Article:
Frost/Nixon was definitely a great movie. Frank Langella’s portrayal of President Nixon was so compelling. Instead of ratcheting things up and making Nixon a caricature, Langella made some really subtle choices that sold the main themes of the film and humanized Nixon. After everything that Nixon had done, Langella’s portrayal of him gave me some empathy for him. He deserved to lose the Presidency, he deeply wounded the country, and his actions destroyed any innocence Americans still had about their government and their leaders. But Langella showed the personal pain and sorrow that Nixon seemed to finally recognize literally in the middle of one of the interviews with David Frost.
Most remarkable to me was the end of the movie when Frost brings Nixon a pair of the expensive shoes that the former President had noticed Frost wearing at an earlier meeting. First of all, we caught a glimpse of what Nixon’s exile was like. For most of us, being able to retire to a beautiful beachfront mansion in San Clemente would be paradise. But La Casa Pacifica was no La Casa Blanca. For all his faults, though, Nixon was a man of action. Like LBJ before him, Nixon had no idea what to do with all of the time in the world and no power, no problems to solve. Nor did he have many friends left. That moment where Frost gives Langella’s Nixon the shoes is powerful because we see something interesting in Nixon’s eyes — and this is where Langella deserves so much credit because he got the point across without saying or telegraphing a single thing. He sold the feeling with his subtle expressions.
Accepting the shoes, Nixon switches from wary to surprised to grateful. Paranoia destroyed his Presidency that paranoia seemed to wonder what Frost’s endgame was. Was he spiking the football to rub his interview successes in? No, Frost was sincere and Nixon’s appreciation added to the personal revelation, the sense of loss that Nixon had recognized during the interview. Not everybody was out to get him, even if they were on the other side of the aisle, or, in Frost’s case, the other side of the interview set. It was as if Nixon finally took his own words — the impromptu remarks he made to White House staff before resigning — to heart. During that final speech, Nixon rambled at times, he choked back tears, he thanked the people he worked with, and he did what Richard Nixon had never done — he spoke from the heart and ended up giving the best speech of his life. Towards the end, he said, “Always give your best; never get discouraged; never be petty. Always remember others may hate you, but those who hate you don’t win unless you hate them, and then you destroy yourself.” The beauty of Frank Langella’s performance in Frost/Nixon is that he gets all of those emotions or actions — shame, sorrow, regret, uncertainty, loneliness, and the beginnings of forgiveness — across in that one scene, and he does so with his eyes and his facial expressions. It’s a magnificent bit of acting by Langella.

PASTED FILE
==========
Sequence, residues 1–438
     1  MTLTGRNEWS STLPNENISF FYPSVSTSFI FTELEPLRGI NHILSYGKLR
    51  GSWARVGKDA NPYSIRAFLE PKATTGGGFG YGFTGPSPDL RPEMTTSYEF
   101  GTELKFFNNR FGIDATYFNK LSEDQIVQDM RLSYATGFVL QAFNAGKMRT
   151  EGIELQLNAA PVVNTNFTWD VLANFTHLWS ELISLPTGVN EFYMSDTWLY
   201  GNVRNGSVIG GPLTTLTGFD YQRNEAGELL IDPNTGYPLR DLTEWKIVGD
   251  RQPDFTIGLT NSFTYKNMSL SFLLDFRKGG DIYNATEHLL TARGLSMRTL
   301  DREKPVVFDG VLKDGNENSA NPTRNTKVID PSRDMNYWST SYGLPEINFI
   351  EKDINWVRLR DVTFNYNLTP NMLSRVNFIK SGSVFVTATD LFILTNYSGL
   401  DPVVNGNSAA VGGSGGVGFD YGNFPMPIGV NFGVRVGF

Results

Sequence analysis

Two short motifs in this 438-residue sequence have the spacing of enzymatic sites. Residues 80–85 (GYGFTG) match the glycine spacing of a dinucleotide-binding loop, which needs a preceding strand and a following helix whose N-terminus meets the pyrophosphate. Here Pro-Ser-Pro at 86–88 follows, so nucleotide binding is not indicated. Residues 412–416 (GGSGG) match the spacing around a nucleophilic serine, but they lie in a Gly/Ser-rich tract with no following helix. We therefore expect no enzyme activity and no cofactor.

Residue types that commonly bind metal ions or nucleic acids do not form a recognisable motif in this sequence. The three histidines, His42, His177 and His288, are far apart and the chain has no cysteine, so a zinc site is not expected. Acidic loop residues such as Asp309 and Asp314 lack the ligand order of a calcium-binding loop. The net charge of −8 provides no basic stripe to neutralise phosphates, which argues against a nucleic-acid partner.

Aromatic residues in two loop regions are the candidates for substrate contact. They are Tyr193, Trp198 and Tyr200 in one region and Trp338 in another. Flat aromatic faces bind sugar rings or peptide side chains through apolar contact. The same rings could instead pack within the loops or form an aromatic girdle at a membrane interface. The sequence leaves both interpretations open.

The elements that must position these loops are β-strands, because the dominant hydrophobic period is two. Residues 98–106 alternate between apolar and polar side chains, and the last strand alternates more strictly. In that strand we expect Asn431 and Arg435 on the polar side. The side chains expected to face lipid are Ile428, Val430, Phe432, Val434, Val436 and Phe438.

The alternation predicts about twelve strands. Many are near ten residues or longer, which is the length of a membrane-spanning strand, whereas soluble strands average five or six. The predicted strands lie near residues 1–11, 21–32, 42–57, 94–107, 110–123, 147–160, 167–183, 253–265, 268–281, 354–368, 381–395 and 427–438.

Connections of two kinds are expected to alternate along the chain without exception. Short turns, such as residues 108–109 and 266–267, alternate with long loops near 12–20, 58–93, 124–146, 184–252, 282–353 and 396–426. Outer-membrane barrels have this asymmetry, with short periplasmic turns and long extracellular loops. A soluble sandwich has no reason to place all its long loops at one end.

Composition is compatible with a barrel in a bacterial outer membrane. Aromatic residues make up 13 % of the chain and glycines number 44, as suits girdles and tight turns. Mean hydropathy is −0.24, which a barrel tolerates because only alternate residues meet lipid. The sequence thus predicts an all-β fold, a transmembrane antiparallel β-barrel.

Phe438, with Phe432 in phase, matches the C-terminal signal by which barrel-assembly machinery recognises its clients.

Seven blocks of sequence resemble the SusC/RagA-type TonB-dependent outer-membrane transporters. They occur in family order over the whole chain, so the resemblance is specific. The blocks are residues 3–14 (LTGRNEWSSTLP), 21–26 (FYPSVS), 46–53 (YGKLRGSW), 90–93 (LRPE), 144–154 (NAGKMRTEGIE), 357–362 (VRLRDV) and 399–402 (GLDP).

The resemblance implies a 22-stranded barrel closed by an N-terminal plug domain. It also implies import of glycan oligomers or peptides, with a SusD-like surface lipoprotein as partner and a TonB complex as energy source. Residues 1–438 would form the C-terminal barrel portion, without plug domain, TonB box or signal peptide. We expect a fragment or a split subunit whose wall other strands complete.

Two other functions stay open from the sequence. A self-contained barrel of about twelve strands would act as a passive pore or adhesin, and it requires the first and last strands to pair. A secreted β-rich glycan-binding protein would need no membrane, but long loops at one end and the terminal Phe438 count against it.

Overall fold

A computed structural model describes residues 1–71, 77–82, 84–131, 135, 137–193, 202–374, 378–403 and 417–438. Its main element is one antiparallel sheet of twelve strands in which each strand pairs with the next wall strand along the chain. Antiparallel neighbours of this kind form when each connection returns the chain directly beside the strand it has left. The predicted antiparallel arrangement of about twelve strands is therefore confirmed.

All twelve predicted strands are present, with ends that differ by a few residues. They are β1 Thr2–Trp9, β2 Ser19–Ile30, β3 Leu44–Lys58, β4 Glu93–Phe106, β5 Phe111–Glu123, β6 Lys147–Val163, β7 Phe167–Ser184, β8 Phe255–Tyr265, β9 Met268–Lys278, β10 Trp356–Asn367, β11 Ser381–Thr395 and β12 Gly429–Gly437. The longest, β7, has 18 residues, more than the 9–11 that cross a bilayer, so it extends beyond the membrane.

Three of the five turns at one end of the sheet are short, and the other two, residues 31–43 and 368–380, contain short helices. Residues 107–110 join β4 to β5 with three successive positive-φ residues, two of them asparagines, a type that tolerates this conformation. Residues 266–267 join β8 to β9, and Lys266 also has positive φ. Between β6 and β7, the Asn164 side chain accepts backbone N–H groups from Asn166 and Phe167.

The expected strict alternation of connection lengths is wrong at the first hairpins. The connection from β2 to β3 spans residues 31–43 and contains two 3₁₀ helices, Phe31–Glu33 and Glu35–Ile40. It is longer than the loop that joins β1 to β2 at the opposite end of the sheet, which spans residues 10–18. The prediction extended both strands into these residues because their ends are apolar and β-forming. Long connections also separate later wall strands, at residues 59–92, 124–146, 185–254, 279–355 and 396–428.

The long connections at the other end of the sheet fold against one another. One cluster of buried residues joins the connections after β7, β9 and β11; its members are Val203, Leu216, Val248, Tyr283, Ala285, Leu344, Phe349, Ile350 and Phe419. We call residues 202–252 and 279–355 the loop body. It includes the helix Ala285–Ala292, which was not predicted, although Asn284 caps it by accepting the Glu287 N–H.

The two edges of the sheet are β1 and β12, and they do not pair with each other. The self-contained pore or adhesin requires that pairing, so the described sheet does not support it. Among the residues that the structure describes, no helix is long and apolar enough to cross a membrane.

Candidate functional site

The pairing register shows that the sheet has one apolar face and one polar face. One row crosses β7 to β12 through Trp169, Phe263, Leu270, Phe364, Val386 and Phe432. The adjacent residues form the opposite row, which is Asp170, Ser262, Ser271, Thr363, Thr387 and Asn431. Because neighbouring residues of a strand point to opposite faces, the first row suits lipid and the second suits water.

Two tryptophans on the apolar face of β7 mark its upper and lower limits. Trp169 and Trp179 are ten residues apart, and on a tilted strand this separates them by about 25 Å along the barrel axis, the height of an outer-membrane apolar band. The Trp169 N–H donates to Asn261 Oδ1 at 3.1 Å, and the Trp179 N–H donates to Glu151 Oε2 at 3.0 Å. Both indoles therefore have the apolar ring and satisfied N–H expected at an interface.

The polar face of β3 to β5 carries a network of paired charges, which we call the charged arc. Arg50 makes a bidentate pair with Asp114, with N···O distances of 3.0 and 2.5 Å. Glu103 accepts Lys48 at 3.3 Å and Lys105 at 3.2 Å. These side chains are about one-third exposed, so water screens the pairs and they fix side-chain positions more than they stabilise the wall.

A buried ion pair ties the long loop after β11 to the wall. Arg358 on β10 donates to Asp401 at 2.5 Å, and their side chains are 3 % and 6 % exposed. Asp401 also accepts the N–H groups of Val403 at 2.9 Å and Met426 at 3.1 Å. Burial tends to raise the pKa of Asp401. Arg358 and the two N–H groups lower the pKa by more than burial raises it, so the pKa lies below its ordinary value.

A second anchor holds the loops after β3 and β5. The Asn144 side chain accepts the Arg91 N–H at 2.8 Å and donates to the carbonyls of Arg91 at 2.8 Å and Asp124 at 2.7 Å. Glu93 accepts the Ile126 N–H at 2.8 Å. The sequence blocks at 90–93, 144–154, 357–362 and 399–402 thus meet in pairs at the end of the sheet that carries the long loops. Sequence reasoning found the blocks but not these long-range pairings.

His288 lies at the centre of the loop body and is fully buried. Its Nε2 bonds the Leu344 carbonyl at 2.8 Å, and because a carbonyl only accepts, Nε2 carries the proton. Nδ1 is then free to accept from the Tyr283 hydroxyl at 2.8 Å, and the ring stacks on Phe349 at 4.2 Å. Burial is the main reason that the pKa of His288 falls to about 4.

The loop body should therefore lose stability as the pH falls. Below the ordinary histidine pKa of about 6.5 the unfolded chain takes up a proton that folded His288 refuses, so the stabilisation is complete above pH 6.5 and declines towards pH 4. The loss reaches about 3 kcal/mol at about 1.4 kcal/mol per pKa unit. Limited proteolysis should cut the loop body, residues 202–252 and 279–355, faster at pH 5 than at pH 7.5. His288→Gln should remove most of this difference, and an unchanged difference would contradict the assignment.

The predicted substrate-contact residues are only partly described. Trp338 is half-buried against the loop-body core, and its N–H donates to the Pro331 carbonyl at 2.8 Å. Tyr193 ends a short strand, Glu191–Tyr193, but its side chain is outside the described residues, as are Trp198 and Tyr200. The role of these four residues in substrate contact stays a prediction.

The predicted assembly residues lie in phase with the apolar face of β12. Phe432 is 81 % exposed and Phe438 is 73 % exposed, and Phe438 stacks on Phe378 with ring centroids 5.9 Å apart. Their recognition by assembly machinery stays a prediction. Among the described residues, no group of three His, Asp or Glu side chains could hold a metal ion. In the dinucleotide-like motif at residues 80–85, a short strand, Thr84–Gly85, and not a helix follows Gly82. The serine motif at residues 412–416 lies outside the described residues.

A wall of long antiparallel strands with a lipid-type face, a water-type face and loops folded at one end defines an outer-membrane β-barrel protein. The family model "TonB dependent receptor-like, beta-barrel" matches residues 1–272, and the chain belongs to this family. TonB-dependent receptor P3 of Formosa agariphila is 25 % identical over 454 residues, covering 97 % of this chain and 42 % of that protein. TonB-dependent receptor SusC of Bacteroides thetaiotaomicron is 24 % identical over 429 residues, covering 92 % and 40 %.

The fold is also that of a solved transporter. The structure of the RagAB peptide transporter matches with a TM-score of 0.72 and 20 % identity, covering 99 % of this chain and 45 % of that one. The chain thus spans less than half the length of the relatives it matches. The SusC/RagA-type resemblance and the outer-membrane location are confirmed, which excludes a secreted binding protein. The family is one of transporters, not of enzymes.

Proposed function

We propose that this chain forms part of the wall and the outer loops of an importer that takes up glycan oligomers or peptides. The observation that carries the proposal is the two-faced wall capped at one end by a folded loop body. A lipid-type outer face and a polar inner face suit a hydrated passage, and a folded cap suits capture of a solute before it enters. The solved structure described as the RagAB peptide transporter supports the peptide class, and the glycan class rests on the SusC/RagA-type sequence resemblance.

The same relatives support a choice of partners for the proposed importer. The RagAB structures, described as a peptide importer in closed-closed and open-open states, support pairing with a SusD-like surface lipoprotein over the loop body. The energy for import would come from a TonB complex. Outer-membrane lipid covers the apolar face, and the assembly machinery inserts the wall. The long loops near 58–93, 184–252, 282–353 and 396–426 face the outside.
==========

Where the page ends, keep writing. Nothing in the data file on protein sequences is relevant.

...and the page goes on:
For the second part of your question, nothing can really vindicate Nixon for Watergate and his Administration’s excesses, not even a masterful film portrayal by a great actor. Yet, Nixon is, and always has been, one of the more fascinating Presidents, in my opinion. The 20th Century was full of towering figures, good and bad, and Nixon is one of the tallest. His life took up most the century that would become known as the “American Century”. He served the nation from World War II until his death, acting as a behind-the-scenes adviser to Presidents on foreign policy, particularly when it came to China and the Soviet Union/Russia. Richard Nixon did some dumb things, but he was a brilliant, brilliant leader who was capable of quickly grasping many difficult details and formulating a plan — often unilaterally — to tackle problems. Very few leaders of any kind of background have that unique capability.
People often recall how physically awkward Nixon was, and the White House taping system which helped bring down his Presidency certainly made the President sound like a boorish, insensitive asshole who disliked people and was thus a terrible politician. He may have been most of those things, but he wasn’t a terrible politician. A terrible politician doesn’t get elected to Congress at 33 years old, the U.S. Senate at 37, and get sworn in as Vice President of the United States just a few days after his 40th birthday. It’s impossible for a bad politician to find himself on a national campaign ticket FIVE TIMES — twice successfully as General Eisenhower’s Vice President and three times as the GOP’s Presidential nominee.
As popular and appealing as John F. Kennedy was, Richard Nixon very nearly beat him in 1960 to become President. In fact, shady voting irregularities in Texas and Cook County, Illinois swung the election in JFK’s favor. Many historians have a different description for those “irregularities”: “voter fraud”. Despite strong evidence that the election had been stolen from him, Nixon refused to contest the results. Most likely, there had been some “irregularities” on NIxon’s side, too, and Nixon didn’t want to open up that can of worms.
If Nixon wasn’t a bad guy, he wasn’t a good guy, either. I don’t know that I like him, but he was an impressive man and, before he began the downward spiral of paranoia and vindictiveness which destroyed his Presidency, his gifts as a leader and as his own top diplomat were resulting in historic and positive relationships between the United States and much of the rest of the world. Nixon had all of the tools to be one of the great Presidents of all-time, but he brought it all down upon himself.